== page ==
Tham Hin Camp Commander Suspended After Karen Refugees Protest Harsh Punishment and ‘Taxes’ on TV, Phones, Bicycles, Motorbikes and Use of Solar Panels

Refugees living in the Tham Hin Camp on the Thai-Burma Border in Ratchaburi Province staged a protest on September 22, demanding the removal of camp officials over physical abuses committed against camp residents.

Hundreds of camp residents from the Tham Hin refugee camp gathered to demand fair treatment by camp officials toward refugees after travel in and out of the camps were restricted. Refugees accused of breaking the tightened restrictions were punished by camp officials, including corporal punishment and fines.

A Tham Hin camp resident spoke to Karen News (with the condition of anonymity) said there are families and relatives who live inside and outside the camps and they would visit each other. The resident said the Thai Camp Commander or Palat has been too harsh on the issue.

“We demand rights for these families to be able to go in and out to see each other. We want the relevant authorities to negotiate on this issue as we have families both inside and outside.”

The camp resident said the camp commander is not understanding to the plight the refugees are in. “We don’t want this Palat anymore. We request a new Palat more sympathetic to our refugees.”

Camp residents alleged the Camp Commander or Palat is collecting taxes from camp residents for using TV, mobile phones, bicycles, motorbikes and solar panels as well as fining people who were found to be going in and out of the camp to visit relatives. Residents been constantly penalized and ‘taxed’ for using these everyday items led to the protest.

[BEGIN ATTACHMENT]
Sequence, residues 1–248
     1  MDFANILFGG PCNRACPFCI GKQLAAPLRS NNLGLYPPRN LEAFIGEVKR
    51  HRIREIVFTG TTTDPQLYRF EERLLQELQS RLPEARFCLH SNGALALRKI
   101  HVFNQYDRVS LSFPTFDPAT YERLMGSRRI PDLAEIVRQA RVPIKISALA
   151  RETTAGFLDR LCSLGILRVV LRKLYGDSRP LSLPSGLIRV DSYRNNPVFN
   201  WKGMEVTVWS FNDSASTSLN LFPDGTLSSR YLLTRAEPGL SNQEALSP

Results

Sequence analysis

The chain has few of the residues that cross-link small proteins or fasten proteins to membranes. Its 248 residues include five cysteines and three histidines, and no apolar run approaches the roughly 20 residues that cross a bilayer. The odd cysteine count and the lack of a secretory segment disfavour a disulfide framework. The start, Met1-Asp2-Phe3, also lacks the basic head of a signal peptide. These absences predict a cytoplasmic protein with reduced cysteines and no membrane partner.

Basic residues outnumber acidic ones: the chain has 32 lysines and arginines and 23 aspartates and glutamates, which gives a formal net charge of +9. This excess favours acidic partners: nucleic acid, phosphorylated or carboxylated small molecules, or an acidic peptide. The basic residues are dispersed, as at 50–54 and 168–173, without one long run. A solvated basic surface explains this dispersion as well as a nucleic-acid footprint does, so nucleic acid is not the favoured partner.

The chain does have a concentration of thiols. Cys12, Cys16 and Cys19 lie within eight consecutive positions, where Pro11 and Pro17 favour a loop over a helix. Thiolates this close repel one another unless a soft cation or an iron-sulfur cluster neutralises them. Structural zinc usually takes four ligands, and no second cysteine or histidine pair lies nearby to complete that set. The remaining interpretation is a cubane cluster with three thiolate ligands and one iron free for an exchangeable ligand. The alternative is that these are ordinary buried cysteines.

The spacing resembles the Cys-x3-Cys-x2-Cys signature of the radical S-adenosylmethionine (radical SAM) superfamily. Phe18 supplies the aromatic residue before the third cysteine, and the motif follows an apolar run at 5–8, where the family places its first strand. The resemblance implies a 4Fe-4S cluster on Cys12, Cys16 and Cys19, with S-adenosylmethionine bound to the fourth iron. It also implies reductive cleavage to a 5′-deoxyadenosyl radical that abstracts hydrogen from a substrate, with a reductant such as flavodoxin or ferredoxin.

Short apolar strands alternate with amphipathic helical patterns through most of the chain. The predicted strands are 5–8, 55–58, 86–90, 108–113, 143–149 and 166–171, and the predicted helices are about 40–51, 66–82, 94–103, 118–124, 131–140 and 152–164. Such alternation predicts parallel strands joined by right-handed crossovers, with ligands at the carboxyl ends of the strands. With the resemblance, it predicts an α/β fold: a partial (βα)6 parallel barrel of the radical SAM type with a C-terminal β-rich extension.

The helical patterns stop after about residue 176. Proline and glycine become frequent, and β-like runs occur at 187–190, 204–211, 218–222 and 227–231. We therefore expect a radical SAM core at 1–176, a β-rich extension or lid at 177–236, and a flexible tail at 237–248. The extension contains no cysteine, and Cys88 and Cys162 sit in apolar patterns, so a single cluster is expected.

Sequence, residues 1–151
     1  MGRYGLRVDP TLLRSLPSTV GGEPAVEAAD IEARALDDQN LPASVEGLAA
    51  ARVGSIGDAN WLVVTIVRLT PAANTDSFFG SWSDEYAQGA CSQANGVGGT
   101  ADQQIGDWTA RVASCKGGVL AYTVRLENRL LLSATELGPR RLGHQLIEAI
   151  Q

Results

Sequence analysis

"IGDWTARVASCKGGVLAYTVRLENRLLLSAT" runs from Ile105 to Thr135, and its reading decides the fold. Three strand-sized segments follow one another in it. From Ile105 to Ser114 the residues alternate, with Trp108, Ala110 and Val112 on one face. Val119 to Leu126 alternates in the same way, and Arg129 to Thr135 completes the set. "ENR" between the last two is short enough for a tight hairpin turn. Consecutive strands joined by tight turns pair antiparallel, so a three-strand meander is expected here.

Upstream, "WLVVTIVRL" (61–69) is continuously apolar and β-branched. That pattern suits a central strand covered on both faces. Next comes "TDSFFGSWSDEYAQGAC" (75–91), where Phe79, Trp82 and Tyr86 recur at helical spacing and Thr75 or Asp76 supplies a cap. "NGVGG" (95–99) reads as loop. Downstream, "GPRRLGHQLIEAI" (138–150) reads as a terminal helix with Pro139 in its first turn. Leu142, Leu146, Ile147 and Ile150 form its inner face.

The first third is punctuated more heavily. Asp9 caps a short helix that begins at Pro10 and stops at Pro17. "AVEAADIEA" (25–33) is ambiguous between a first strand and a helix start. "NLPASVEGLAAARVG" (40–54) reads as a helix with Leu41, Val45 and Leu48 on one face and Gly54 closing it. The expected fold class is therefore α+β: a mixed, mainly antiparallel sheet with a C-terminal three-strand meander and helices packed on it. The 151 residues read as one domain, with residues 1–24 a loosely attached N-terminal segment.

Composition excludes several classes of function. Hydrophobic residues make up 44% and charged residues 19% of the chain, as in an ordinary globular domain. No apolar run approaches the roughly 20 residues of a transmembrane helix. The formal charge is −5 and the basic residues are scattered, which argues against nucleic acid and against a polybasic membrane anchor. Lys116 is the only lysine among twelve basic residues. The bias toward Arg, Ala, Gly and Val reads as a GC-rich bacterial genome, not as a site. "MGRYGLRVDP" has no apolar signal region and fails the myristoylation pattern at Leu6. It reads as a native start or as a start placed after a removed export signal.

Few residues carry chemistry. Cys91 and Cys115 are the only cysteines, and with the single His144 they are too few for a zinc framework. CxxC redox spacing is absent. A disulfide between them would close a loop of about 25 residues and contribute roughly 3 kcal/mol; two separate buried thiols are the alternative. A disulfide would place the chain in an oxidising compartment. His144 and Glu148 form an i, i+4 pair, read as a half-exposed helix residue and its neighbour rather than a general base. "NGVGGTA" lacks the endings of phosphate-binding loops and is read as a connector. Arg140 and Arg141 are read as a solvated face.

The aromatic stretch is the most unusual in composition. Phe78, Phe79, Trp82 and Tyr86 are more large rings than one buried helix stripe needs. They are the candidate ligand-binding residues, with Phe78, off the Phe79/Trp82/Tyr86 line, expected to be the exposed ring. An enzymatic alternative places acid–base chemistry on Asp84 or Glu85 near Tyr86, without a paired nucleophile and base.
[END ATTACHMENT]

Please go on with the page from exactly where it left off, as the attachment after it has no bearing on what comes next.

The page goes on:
Staff from a camp service provider told Karen News about cases where the Camp Commander arrested residents and demanded money, and had resorted to using violence – slapping or kicking them.

“Sometimes, the Palat waits outside to arrest people coming into the camp, sometimes he physically harms them and fines the people excessively. He uses discriminatory words and talked down to the people. It’s not just one or two incidents – the accumulated cases led to this protest.”

After the protest, representatives from the United Nation High Commissioner for Refugees, the Thai authorities and local camp committees held a meeting where a decision was made to suspend the current camp commander from his position and to return all the money he had taken from camp residents, according to local camp committee members.

As Burma is swept with a second wave of Covid-19, Thai authorities are tightening security along the Thai-Burma border, travel in and out of refugee camps along the border have also been restricted and tightened.

According to the latest figure from the Karen Refugee Committee (KRC) there are 5,446 people living in Tham Hin refugee camp. There are a total of nine refugee camps on the Thai Burma border with as many as 87,000 people living in them.

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